downtown dirty by manhole: January

wqwm4Longtime readers (that is to say, both of you) may have noticed that Scruffington Post took a brief hiatus at the end of 2016, a rejuvenating little intermission necessary to recover from the enervating effects of a dreadful election cycle and an all-around lousy year.

But we’re back now, lured by the tantalizing promise of a brand New Year. To wit, we’re already in the publicity phase of the release of Scott West’s The Crook Books, Volume One, the compendium of fun facts, autobiographical weirdness, history, personal musing and criminal philosophy West wrote whilst spending time in the lock-up for money laundering in a massive marijuana peddling scheme — see the review in this issue of Scruffington Post for deets, and visit Earth to Old City on Market Square to purchase your copy.

Also in this issue is a visit with Preservation Pub’s de facto house band, Realm, featuring bartender/drummer Nick Leichtweis and bassist/keyboardist Kurt Bell. Realm are making their welcome return to the Pub stage Jan. 13, with special guests Indighost in tow. The Johnson City-based band ply a brand of alternately fierce and mesmerizing psych-rock — they recall Austin-based psych-rockers the Black Angels just a bit, if the Angels had a powerhouse female vocalist — and would be worth the cover charge even if our favorite beer-battered southern sci-fi power trio wasn’t on the bill.

Moving through the month, the Pub’s Speakeasy second floor stage will host Lebanon outfit Sugar Lime Blue on Jan. 19. Look out for these folks; theirs is a smooth blend of blues, classic southern rock and Americana, heavy with allusions to likes of Brothers and Sisters-era Allman Brothers and Bonnie Raitt.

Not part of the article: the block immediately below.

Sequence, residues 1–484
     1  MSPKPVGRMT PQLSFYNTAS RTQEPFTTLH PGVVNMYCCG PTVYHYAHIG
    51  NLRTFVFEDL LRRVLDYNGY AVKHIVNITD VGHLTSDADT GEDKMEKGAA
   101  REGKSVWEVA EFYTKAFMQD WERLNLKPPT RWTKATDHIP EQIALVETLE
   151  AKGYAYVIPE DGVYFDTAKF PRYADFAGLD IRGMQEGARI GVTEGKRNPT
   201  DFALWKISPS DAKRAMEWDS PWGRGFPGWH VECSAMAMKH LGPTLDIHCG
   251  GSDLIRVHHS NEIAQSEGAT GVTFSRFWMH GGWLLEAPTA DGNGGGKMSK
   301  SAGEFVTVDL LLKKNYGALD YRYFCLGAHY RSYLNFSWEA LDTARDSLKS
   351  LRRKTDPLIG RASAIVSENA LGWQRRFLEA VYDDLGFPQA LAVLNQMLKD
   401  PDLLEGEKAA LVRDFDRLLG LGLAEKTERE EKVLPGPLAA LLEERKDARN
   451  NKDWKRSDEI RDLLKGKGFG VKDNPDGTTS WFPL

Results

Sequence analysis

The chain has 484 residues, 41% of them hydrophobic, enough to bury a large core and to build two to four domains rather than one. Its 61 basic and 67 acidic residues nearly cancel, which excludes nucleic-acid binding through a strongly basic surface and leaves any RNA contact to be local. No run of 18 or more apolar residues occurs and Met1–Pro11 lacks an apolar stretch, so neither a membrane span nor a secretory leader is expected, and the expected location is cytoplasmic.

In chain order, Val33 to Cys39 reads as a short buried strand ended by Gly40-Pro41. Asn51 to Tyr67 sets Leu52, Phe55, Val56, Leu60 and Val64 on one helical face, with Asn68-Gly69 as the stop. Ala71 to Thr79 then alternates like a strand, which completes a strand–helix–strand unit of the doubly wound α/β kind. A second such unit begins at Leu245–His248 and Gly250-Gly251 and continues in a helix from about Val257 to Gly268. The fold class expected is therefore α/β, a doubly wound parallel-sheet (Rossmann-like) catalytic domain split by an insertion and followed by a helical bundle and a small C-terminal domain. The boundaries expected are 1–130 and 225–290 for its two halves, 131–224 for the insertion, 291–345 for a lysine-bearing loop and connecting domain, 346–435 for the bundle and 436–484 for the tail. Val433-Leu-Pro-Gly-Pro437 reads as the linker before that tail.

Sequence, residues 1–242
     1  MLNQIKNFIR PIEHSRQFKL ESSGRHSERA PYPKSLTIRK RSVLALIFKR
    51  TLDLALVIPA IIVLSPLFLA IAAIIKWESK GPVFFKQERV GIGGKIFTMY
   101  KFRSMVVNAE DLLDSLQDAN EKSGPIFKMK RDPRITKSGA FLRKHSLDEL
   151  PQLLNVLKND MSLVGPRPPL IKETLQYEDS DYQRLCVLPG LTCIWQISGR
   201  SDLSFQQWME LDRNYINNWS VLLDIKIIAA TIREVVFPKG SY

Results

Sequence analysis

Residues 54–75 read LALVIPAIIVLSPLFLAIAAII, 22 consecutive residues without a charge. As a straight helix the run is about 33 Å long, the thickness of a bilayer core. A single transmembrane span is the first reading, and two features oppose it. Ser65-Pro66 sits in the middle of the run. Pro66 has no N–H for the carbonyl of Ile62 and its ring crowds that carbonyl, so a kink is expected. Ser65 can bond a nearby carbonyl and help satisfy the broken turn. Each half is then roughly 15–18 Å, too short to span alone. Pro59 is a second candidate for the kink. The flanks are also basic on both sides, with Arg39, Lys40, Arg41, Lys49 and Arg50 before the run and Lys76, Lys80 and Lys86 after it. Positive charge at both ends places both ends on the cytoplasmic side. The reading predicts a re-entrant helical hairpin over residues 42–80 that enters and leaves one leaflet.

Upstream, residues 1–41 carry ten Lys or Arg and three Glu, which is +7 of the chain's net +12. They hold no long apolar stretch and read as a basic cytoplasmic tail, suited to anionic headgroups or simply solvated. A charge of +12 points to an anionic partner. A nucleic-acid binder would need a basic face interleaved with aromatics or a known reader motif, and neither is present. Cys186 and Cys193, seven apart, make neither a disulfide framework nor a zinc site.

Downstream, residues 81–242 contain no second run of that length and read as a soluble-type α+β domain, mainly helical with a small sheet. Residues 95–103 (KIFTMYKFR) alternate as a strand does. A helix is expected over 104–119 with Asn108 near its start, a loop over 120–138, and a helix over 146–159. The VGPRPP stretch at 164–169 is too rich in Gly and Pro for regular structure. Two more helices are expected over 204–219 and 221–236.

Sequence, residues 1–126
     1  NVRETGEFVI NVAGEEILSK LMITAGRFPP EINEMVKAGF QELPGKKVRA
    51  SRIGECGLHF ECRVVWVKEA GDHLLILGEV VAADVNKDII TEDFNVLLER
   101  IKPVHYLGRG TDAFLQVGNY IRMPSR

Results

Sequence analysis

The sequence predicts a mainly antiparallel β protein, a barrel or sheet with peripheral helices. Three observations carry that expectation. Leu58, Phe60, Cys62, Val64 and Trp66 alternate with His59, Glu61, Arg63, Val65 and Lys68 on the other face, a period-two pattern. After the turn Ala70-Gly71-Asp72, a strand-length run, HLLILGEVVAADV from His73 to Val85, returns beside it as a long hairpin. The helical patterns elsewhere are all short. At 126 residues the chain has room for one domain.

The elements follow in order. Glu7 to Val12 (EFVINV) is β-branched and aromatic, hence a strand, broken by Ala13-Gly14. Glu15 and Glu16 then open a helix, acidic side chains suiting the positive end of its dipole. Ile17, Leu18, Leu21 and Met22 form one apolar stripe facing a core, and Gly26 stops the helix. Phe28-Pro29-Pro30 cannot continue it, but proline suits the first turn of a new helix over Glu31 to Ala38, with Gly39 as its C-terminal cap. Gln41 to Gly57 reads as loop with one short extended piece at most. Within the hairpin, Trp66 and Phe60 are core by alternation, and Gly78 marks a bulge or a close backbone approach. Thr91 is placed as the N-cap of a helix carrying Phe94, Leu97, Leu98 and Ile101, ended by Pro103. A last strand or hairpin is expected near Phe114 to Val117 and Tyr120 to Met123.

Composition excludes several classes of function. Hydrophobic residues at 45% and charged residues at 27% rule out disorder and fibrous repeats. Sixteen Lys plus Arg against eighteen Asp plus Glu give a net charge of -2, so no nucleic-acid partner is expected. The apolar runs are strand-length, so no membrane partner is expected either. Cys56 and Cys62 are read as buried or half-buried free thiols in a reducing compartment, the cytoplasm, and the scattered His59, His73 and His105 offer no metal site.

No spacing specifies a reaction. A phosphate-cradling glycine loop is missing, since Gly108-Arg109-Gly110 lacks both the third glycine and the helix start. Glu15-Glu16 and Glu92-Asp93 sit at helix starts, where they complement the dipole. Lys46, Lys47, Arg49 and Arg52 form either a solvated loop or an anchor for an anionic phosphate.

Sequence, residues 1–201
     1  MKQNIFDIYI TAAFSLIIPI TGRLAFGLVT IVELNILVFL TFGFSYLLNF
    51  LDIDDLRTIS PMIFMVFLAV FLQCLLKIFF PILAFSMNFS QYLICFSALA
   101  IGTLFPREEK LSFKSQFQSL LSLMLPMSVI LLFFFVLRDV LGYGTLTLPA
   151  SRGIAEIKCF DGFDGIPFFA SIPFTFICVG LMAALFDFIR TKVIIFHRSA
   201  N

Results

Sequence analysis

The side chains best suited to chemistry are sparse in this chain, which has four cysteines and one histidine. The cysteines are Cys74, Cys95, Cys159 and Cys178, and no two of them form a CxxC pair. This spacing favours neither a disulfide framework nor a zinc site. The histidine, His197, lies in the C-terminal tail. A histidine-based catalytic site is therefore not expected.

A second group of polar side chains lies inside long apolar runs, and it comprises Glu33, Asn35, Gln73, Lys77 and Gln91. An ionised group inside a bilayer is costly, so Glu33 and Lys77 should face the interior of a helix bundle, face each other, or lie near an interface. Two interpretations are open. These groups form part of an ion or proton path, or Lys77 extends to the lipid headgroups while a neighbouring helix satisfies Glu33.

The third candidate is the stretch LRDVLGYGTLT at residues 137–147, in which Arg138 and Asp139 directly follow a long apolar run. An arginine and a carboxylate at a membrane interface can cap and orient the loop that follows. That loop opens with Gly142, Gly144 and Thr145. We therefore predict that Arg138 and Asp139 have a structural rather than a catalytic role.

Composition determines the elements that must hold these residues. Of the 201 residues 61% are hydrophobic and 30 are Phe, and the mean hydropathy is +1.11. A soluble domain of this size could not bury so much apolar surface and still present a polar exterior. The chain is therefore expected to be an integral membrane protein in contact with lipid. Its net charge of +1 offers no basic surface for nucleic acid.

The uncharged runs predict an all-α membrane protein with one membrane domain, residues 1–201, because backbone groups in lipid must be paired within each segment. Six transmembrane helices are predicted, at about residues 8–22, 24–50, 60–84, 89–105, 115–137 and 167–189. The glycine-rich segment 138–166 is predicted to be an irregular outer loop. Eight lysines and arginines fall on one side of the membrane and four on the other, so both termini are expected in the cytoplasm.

Also well-worth your hard-earned shekels, come Jan. 21, is Baltimore-based band Community Center. Chamber rock? We didn’t know what the hell it was, either, but suffice to say that this Maryland six-piece is far more intriguing than their prosaic name would seem to allow, offering rich, textured, and wonderfully moody rock that occasionally aspires to high drama, with a hint of cabaret.

We probably don’t have to prompt you much to come out Jan. 27, for Roman Reese’s latest appearance at Preservation Pub with the Cardinal Sins — their socially conscious brand of Americana has long been a favorite in these halls. But be sure and stick around for the second set, from Atlanta’s Copious Jones.

Copious Jones brand themselves as “progressive jam,” but their online oeuvre indicates the band has a lot more songwriting savvy than most of their peers in the progressive/jam/hippie milieu.

And finally, Jan. 29 will see Virginia’s Dawn Drapes mount the stage at Preservation Pub. Though ostensibly a southern outfit, the band draws inspiration from the sophisticated side of 70s rock — think Steely Dan, rather than Skynyrd, with a dollop of bell-bottom-era singer-songwriter sensitivity.

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